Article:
This morning I read that my friend Steve Stamatiadis's game studio, Krome, is closing.
I met Steve through Livejournal back in maybe 2000. We finally got to meet and hang out A-Kon in Dallas. We immediately shunned everyone else (including my wife) to talk about video games for 3 days straight. Him, the working professional and me, the eager guy who had no idea what he was doing. I had made a couple simple Flash games but I really wanted to go farther in the game industry. He patiently listened to me spew out all the stupid things eager, inexperienced developers say ( "I want to make a video game out of my D&D campaign!") and encouraged my undirected enthusiasm.
He later came and stayed at my house (keep in mind, he lives in Australia) where he showed me directions I could go in the industry. He showed the basic of box modeling in 3Ds Max and scripting in Blitz Basic. He encouraged and shaped my enthusiasm into something directed.
As a result I was spent each day on the train, on the way to my crappy web design job, doing tutorials in 3dS Max or writing game code. When the opportunity arose for a game programmer position at Cartoon Network, I was prepared with a portfolio of games and code. I got the job and have now been with Cartoon Network for 7 years, pretty much the best job a Flash game developer could hope for.
Not only is Steve an inspiration for you to do your best, but he includes those around him in the cool work he is doing. He drew awesome art for me and my wife (even for my D&D campaign), I got to make the website for TY: The Tazmanian Tiger and my wife made a Blade Kitten costume (I helped). I finally got to travel down to Australia and stay with Steve for a couple weeks, which one the best experiences of my life.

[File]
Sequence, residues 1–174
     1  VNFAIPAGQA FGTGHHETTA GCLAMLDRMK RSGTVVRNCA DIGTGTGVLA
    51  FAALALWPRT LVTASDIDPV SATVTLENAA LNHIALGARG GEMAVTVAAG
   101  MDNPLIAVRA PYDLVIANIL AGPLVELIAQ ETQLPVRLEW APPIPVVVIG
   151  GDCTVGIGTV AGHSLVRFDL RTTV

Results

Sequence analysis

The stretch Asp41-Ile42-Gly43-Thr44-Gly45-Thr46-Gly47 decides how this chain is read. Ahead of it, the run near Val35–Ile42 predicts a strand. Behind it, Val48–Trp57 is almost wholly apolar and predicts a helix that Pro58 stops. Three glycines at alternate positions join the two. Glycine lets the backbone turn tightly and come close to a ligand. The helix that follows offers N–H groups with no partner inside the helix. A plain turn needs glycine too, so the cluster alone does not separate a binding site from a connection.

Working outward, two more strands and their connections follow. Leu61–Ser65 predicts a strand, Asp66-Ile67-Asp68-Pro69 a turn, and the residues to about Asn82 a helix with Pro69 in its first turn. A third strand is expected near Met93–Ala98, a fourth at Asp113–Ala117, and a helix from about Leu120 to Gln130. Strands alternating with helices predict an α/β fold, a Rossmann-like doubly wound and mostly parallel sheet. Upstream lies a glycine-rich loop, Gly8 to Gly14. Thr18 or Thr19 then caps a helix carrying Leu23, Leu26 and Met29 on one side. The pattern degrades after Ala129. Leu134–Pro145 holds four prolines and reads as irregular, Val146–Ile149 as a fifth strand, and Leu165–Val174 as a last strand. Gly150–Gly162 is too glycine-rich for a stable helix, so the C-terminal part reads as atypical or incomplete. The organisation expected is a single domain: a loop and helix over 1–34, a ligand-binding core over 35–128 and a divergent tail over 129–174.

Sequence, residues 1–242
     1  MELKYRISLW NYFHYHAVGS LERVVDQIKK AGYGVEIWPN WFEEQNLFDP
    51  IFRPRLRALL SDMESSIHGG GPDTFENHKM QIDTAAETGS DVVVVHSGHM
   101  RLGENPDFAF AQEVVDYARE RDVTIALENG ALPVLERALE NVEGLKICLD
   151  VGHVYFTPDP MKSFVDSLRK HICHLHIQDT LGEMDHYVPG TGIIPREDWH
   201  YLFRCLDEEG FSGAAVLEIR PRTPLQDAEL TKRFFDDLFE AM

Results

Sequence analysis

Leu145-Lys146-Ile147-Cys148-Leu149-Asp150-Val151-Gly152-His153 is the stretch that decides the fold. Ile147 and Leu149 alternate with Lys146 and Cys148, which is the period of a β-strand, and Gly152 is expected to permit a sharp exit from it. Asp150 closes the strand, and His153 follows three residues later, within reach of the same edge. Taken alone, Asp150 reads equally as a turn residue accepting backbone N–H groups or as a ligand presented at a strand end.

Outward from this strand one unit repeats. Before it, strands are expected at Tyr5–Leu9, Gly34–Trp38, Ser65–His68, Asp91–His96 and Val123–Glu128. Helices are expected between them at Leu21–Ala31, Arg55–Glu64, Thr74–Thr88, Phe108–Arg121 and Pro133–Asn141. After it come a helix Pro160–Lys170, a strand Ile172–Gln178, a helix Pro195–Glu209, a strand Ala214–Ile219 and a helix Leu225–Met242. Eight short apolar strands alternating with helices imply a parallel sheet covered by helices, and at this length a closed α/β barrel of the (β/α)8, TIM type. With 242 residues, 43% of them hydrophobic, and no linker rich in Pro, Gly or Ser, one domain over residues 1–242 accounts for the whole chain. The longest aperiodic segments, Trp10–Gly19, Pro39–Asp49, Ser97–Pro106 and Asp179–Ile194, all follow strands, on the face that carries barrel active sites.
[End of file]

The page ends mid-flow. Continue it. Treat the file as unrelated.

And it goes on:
Krome is closing and I am very sad for Steve and the other employees of Krome. But I know that if the people working with Steve were half as inspired and enriched by working with him as I was, they were very, very lucky.
Austin GDC was last week and it was great. I haven't been to a conference in 2 years and I have never been to Austin so I was very much looking forward to the trip.
The longer you go to conferences, the less sessions you go to. At least that's how most people approach it but I try to go to sessions as much as I can. Here are the sessions I went to and my biggest takeaways.
Strategies for Acquiring and Retaining Player (Mike Goslin) - This was a great talk. My biggest takeaway was that teasing content can actually be more effective for retaining players during expected drop-offs (back to school, etc.) than just the content. Tease the content at the drop-off time, then release the content a bit later.
Economic Decision Making in Game Design (Nickolaus Davidson) - This was easily the talk of the show for me. The general idea is player make "bad" economic decisions due to emotional drivers. However, these bad decisions are predictable and make your player feel better. If you know how the player makes these decisions, you can design your game around them.
Gaming for Kids: The Evolving Landscape (Richard Weil, Rebecca Newton) - Things are changing, COPPA restrictions are up for review this year so the rules for kids content could change.
Playground Chatter: Getting Kids to Talk about Your Game (Matthew Schwartz) - This was a great roundtable. Cartoon, Nick and Disney were all there sharing stories. My biggest takeway was that when parents drop your content (due to back to school, etc,) they will not respond to financial incentives. You have to be prepared for that loss and make the most of the beginning of Summer and Christmas.
Bears and Snakes! The Wild Frontier of Social Game Design (Brian Reynolds) - This was a keynote from Zynga. While this talk was met with derision by a lot of people, my take was Zynga knows they have been getting away with it. They have been making shallow grinds and it's time to make their game contain real design mechanics. They are hiring real designers (like Mr. Reynolds) to ensure their games mature with the market.